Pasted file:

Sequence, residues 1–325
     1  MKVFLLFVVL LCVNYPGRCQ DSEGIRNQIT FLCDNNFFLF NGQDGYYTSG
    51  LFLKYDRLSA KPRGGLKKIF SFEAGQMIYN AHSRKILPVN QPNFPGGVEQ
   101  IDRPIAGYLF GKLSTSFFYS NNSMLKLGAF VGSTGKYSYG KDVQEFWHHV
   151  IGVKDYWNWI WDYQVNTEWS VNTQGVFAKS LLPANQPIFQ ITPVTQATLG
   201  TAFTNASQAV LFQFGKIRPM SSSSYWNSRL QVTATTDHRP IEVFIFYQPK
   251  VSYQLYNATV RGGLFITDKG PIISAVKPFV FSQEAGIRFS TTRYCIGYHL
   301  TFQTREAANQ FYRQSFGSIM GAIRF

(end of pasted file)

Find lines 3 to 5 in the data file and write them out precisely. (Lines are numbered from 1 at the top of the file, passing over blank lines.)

    51  LFLKYDRLSA KPRGGLKKIF SFEAGQMIYN AHSRKILPVN QPNFPGGVEQ
   101  IDRPIAGYLF GKLSTSFFYS NNSMLKLGAF VGSTGKYSYG KDVQEFWHHV
   151  IGVKDYWNWI WDYQVNTEWS VNTQGVFAKS LLPANQPIFQ ITPVTQATLG